The Inuit themselves could have told you this, as they have stories about people they called the Tuniit. The Tuniit were bigger and stronger than them, giant men supposedly able to crush the neck of a walrus and drag it home like it was just another trip to Safeway. Other stories say the Tuniit knew magic and slept with their legs in the air so the blood would drain from their feet, making them light enough to outrun caribou (we tried it ourselves, to mixed results). But despite their all-around badassery, the Tuniit were a shy people who tended to keep to themselves and avoid conflict. They were "easily put to flight" if needed, so the Inuit took many of their best hunting grounds, while the Tuniit receded and vanished.
These stories were long considered myths, what with the magic and caribou-tackling and not super-swell relationship between Native Americans and the general scientific community. But a 2014 genetic study confirmed that while the Tuniit may not have bench-pressed seals, they did exist as a distinct people. Dubbed the Dorset, they lived in the Arctic for over 4,000 years, but vanished by 1300 CE, just 300 years after the Inuit arrived.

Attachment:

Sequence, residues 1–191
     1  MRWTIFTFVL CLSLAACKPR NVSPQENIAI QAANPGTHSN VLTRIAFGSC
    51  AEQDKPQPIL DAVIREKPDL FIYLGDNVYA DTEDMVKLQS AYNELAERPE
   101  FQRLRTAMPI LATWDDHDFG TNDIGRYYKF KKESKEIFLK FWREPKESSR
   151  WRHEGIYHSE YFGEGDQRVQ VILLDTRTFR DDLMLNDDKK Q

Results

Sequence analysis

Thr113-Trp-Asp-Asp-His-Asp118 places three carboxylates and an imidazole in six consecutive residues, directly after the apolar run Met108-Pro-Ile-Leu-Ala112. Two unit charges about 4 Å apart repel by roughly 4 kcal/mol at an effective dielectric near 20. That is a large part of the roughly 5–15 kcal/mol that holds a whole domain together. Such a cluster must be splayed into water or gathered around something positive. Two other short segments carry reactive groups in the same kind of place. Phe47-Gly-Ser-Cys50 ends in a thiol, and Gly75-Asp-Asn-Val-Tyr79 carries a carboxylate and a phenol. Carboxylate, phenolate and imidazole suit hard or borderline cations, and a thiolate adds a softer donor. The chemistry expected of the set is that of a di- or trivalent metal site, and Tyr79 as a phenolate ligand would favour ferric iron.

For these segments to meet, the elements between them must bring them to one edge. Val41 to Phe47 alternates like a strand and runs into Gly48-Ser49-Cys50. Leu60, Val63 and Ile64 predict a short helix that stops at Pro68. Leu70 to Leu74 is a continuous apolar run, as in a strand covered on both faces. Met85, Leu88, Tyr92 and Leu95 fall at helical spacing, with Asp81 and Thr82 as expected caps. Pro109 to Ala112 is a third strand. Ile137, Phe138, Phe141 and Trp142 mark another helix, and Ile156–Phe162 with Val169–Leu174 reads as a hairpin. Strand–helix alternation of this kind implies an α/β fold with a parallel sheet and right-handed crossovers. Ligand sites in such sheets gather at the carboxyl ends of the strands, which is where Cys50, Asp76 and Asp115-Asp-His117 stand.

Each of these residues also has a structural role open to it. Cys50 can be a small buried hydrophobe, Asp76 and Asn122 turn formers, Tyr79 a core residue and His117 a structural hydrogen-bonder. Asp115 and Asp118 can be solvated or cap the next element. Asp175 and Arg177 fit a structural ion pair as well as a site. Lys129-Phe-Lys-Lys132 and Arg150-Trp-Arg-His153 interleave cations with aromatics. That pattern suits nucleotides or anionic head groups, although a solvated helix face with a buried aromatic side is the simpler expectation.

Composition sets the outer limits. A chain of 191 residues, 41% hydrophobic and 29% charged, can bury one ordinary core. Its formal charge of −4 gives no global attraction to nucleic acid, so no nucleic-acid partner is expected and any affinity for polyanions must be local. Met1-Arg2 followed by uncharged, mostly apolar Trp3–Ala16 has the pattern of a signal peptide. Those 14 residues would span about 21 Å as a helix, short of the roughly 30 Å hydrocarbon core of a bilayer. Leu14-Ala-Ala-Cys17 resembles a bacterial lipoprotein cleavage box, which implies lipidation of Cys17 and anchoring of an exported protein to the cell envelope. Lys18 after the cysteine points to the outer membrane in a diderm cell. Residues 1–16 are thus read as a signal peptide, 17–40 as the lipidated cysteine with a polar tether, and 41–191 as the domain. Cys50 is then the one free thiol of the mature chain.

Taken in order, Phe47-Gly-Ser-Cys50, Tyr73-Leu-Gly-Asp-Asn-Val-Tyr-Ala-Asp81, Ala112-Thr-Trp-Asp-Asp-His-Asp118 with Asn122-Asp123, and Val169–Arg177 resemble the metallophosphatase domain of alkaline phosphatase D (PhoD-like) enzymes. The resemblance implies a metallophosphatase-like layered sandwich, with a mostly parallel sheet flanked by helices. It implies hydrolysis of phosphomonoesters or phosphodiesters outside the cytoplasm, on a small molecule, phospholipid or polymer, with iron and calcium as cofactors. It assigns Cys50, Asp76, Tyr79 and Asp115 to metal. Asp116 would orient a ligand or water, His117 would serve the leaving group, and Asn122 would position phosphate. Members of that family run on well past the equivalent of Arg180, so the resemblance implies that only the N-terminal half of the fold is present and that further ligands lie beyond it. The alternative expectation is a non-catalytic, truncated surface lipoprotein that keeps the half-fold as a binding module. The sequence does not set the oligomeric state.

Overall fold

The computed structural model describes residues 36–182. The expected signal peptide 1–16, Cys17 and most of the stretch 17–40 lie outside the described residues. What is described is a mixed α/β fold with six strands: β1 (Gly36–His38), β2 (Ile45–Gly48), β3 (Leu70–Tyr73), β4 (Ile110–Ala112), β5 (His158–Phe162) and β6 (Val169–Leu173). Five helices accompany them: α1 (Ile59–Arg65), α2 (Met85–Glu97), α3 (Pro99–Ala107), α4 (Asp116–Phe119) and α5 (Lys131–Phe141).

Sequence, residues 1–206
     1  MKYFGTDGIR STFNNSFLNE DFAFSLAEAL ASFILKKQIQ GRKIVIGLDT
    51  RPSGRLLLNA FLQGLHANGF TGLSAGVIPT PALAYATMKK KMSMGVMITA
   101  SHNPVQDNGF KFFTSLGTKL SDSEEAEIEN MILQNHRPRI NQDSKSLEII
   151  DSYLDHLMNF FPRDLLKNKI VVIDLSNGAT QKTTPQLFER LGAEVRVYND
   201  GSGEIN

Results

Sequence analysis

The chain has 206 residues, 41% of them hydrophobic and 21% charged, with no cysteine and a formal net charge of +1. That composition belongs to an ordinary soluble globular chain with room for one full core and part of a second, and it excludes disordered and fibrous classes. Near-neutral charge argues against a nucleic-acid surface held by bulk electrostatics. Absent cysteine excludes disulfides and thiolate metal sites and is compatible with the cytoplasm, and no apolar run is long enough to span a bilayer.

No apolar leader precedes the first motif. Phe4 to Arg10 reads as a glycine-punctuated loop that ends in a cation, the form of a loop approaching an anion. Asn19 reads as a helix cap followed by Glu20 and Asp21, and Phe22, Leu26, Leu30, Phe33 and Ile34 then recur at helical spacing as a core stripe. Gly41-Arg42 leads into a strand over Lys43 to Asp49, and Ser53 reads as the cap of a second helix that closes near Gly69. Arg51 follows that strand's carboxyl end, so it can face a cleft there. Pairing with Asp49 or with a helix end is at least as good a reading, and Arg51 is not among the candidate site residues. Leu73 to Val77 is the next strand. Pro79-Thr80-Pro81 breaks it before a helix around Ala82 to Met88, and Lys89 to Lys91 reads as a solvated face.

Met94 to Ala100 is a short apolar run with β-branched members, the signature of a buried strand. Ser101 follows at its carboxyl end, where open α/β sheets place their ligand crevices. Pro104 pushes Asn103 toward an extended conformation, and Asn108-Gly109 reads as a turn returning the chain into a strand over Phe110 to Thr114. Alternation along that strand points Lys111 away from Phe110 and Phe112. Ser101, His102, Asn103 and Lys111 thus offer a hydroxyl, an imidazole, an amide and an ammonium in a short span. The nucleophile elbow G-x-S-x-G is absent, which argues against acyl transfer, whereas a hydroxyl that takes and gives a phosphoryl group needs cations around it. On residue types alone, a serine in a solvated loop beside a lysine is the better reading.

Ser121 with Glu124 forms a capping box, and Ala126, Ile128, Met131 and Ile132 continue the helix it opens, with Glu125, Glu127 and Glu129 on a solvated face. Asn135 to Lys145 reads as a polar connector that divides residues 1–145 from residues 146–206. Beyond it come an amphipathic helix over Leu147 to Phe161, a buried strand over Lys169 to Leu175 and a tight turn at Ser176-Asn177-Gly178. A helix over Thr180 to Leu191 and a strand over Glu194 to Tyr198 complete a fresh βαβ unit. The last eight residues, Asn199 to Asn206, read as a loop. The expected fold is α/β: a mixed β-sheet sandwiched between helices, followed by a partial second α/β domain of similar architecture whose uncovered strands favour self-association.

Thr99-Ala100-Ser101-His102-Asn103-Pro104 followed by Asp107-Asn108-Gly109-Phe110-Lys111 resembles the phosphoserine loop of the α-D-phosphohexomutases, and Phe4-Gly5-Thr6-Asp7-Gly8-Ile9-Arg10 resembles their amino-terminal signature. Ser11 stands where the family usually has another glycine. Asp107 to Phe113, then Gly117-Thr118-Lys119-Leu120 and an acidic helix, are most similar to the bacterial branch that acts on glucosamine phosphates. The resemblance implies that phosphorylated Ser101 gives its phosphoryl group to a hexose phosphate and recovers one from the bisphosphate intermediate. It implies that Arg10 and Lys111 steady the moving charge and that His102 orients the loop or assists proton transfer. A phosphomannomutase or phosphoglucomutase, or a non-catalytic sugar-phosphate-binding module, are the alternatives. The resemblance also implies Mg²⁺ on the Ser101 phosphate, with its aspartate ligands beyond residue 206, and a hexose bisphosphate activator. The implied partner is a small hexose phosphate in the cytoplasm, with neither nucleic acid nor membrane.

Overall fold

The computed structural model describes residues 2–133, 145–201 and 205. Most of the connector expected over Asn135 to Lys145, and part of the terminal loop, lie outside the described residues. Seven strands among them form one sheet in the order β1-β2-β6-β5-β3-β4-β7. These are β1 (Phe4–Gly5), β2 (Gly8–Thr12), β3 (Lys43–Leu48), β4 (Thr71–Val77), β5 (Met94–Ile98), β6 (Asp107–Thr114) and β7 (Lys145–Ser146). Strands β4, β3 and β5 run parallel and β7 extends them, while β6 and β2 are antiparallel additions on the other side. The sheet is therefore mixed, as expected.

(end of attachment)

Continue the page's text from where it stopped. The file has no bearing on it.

Their most distinct feature was their relative lack of genetic diversity. Not only did they migrate to the Arctic with few women in their group, but they also steadfastly refused to bone down with the Inuit and any other cultures they encountered. And that's a notable aberration, because throughout the epic sweep of history, discovering what a new culture was like in bed was inevitably a top priority after first contact.
While it's unclear where the Dorset migrated from, their very existence shows that people arrived in North America in more ways than previously believed. And given that the Inuit of their time were just as baffled by the Dorset as we are today, they're another valuable reminder that the pre-European history of North America is far more complicated than "A bunch of Natives just hung out for a while." In addition to being a society of wallflowers, the Dorset apparently preferred to hunt with spears despite bows being far safer, and their surviving carvings imply a focus on rituals and spiritual beliefs that may explain why they chose not to intermingle. As for what happened to them, the best guess anyone has is that diseases brought over by Viking traders did them in. Way to go, Vikings.